Mike Bloomberg’s Rats

We all know about NYC’s Mike Bloomberg illegal mayor problem in Mayors Against Illegal Guns, where he recruits dozens of criminal mayors to work with him at disarming law abiding citizens. But it looks like Bloomberg is trying to help out another type of rat take over in people’s lives.

Bloomberg is instituting a composting law in New York City that will ask (initially, then require in a couple of years) residents to store rotting food for a week so the city can collect it. Yes, he is asking entire city of New York to keep food scraps sitting around to attract more rodents and bugs for a week while they wait for the city to send a special collection team to pick it up.

Now, I have no issue with people who choose to composte. In fact, the city apparently did a voluntary trial run on Staten Island that saw rather significant participation rates. But what they don’t seem to be focusing on is that those participants lived in single family homes on lots that gave them the option to store the food scraps outside of the living areas. Those who live in high rises will not have that kind of flexibility.

But that’s not the only kind of rodents Bloomberg is promoting at the moment.

His Mayors Against Illegal Guns tour continues to garner negative attention for how they define gun violence victims. It’s not just the Boston bomber that Bloomberg’s group initially labeled a “victim.” Did you know that cop killers are victims we must mourn? Jacob also shows us that Bloomberg labeled a man who was shot by police while threatening a toddler’s life as a gun violence victim. Mike Bloomberg and his MAIG allies think we need to stop the lawful defensive shootings senseless slayings of these killers targeting law enforcement and children. It’s an interesting position to take by a group with a higher-than-average rate of criminal activity.

8 thoughts on “Mike Bloomberg’s Rats”

  1. “…a voluntary trial run on Staten Island that saw rather significant participation rates…”

    It was, lo, about 26 years ago that I resisted Middletown Township adopting a mandatory recycling program — because it was mandatory and the codified penalties were pretty draconian for the time. I was pretty much alone on that, at least in public, though lots of people grumbled over the fence.

    In any case, the township supervisors made the argument that voluntary test programs had very high participation, which prompted my next question, which was, “Then why do you need to make it mandatory?” Their answer was “Because the higher the participation, the more economically successful the program will be.”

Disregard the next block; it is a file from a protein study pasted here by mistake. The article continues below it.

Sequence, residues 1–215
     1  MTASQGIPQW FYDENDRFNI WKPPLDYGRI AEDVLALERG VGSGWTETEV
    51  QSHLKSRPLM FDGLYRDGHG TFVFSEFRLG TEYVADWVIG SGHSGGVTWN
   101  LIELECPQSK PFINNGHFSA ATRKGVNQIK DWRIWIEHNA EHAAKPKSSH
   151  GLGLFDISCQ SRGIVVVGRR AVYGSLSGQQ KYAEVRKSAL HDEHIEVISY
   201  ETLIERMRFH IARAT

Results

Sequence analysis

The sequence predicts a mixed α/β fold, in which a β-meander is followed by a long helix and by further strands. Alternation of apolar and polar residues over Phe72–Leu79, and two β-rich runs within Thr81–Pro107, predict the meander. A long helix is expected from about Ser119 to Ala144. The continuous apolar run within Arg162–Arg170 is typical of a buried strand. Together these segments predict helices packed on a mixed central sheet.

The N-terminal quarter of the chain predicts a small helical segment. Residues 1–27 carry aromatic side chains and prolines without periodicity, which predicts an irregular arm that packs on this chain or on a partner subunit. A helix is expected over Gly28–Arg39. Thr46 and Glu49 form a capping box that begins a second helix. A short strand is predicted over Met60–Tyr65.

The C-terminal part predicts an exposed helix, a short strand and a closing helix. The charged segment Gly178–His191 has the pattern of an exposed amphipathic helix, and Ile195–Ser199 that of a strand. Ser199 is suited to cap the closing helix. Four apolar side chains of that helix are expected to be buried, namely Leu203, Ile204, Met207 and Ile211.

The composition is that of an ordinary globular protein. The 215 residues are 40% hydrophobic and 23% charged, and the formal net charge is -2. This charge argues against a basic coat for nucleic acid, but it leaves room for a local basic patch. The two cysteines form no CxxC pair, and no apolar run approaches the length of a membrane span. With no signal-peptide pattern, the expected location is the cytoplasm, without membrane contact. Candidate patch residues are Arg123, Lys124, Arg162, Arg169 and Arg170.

But my most vivid memory of that time is, the number of would-be gauleiters who went scurrying to the front of the room when one of the supervisors, thinking out loud, suggested they might want to appoint volunteer “recycling wardens” to prowl people’s trash on their blocks and report miscreants and backsliders. I remember one woman who was saying as she scurried “Oooh, pick me, pick me!” half under her breath, but audibly.

    Fortunately that was never done, and the program in fact has not been very draconian (I personally never heard of anyone who was cited for not participating, though there may have been a few cases) but it certainly was a quick study as to how close to being Nazis many of our neighbors are; pretty damn close if you get a good Good and Motherhood belief system going.

  2. Why wouldn’t they read off those names? They’re included in the “gun death” count after all, so they should.

    1. Because if your tour stop includes an introduction that you want to keep more lives like these from being lost (the typical talking point at these types of events), then that essentially leaves the organization in the position of saying that they don’t want law enforcement to be able to shoot anyone at all, no matter how many lives they may be threatening. If that’s the position they are taking, they are within a step of saying that not even cops need guns. That’s a position extremely far out of anything even slightly resembling mainstream.

  3. Dear X,
    The purpose of this letter is to inform you that your petition to buy/sell/build/fix your property is refused because you did not properly fill out the 5-Year Composting Plan of the Environmental Assessment form. Although the Environmental Assessment form makes no mention of composting, you were required to address composting in a 5-part attachment. Please be aware that your $500 filing fee is non-refundable. If you do not re-file within 30 days, the City will assume that you waive all rights to retain said property, and the City will condemn the property and sell it at auction.

  4. It’s not “composting” if you have to have to keep rotting food scraps in a bin for a week, and then give them to somebody else to compost (and sell)…

    I bet they’d fine anyone who tried to make a real compost pile in their yard, even though a hot pile is a lot more sanitary than rotten cooking scraps in bins.

  5. How about a worm bin? Grow earthworms? I haven’t looked into it for a long time, but I understand that properly maintained they are relatively odorless, and that earthworms will consume an amazing amount of food scraps.

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